(PhysOrg.com) -- If a suggestion to be made to NASA comes to fruition, vast lakes thought to be filled with liquid hydrocarbons near the north pole of Saturn's moon Titan, may one day be explored by boat.
A scientific team led by Dr Ellen Stofan from Proxemy Research in Washington DC in the US, has been studying the concept for around two years, and is now ready to submit a proposal to NASA.
The proposal is for a future mission to explore the Ligeia Mare and/or the Kraken Mare in the north of Titan by boat. Both lakes are huge, with Kraken Mare being bigger than the Caspian sea, the largest lake on Earth. If the mission eventuates, they would be the first lakes to be explored outside of Earth.
Evidence of the existence of dark patches thought to be lakes on Titan was first found by the Cassini mission in 2005, with Kraken Mare being discovered in 2007. Many dark areas were observed to have channels leading into them, and the contours of the channels imply they were created by liquid flowing into or out of the lakes. Methane and other hydrocarbons are stable liquids in Titan's frigid conditions (where the temperature can be as low as -179C), but water is not, so scientists interpreted the dark areas as lakes of liquid methane, ethane, or a mixture of the two.
The proposal is to launch the mission, dubbed the Titan Mare Explorer (TiME) in January 2016, and to make flybys of Earth and then Jupiter to pick up the required gravitational energy to reach Saturn's moon. It would arrive on Titan in June 2023. The estimated cost of the mission is less than $425 million, which is quite low in comparison to many space exploration missions, such as the $3.2 billion Cassini-Huygens mission launched in 2004.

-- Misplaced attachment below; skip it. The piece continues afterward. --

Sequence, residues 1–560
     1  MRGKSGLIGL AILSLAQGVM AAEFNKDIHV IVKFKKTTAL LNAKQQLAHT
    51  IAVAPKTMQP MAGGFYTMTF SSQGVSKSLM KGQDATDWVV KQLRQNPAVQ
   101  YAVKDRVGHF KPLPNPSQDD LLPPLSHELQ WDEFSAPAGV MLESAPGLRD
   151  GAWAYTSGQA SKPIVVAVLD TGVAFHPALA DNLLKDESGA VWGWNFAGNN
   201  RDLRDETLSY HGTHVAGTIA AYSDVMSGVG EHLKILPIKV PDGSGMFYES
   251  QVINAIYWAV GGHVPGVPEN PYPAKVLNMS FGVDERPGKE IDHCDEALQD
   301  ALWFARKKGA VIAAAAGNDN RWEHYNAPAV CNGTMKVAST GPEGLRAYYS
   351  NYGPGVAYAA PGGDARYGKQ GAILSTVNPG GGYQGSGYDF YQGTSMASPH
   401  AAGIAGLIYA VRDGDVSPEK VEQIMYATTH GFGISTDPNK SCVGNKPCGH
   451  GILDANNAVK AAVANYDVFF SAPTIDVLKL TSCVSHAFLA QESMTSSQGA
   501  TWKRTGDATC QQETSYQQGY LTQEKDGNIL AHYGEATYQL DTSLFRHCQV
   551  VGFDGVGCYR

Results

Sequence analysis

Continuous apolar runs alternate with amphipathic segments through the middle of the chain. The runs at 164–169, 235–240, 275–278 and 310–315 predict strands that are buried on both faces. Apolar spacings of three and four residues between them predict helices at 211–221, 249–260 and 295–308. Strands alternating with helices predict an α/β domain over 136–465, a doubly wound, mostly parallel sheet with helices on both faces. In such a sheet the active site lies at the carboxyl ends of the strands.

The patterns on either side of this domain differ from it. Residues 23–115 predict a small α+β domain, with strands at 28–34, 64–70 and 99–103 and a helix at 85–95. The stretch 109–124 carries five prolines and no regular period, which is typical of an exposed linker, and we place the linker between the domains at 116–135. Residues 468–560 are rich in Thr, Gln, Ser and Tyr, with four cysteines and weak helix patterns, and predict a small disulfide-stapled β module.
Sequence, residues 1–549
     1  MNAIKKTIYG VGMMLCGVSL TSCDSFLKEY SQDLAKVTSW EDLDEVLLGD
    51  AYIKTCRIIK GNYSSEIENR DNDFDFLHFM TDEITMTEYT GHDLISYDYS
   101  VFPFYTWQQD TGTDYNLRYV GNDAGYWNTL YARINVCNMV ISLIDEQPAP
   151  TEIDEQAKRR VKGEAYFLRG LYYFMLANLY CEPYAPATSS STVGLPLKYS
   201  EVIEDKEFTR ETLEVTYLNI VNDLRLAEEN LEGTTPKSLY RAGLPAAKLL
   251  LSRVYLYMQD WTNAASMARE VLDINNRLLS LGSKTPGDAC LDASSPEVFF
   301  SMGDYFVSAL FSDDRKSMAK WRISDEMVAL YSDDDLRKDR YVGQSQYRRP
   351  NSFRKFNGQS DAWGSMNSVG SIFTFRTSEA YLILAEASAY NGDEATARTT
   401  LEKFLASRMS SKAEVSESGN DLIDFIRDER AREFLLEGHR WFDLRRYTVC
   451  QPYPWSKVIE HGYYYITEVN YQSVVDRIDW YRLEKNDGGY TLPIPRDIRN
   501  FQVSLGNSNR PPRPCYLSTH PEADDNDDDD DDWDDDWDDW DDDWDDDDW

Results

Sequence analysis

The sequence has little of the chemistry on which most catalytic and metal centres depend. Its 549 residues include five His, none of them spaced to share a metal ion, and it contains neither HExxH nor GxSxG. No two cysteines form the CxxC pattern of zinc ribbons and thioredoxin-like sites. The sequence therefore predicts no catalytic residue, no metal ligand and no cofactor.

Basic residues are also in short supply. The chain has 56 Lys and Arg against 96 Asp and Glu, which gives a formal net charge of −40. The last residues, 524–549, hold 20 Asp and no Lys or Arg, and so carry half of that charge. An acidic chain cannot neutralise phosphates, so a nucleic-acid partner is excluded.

The boat would carry a mass spectrometer, sonar, cameras and meteorology instruments. The main objective of the proposed mission is to analyze the lakes to determine their precise chemical composition, but a secondary objective is to study the cycling of methane and other hydrocarbons to work out how these systems operate. Sonar would be carried to check the depths of the lakes and the bottom contours, and the cameras would send images back to Earth.
Titan resembles Earth in that there seems to be a circulation of liquid between the land, water bodies, and the atmosphere. On Earth this is the hydrologic cycle. In Titan's case the liquid is not water but would probably behave in the same way. The cycle has been dubbed the methane-ologic cycle. According to Stofan's team, studying the shared climate processes on Titan could help us better understand climate processes on Earth, since if we could develop models that work on both Earth and Titan, we would be more certain we understand the fundamentals for Earth.
NASA and ESA (the European Space Agency) are considering a joint mission to Jupiter, but have no immediate plans to visit Saturn. There may be an opportunity for the Titan mission under NASA's Discovery Class program, for which bids open early in 2010.
Dr Stofan, who is also honorary professor at University College London, described the proposal at the American Geophysical Union annual meeting of Earth scientists held in San Francisco from December 14 to 18 this year.
Explore further: Mysteries of space dust revealed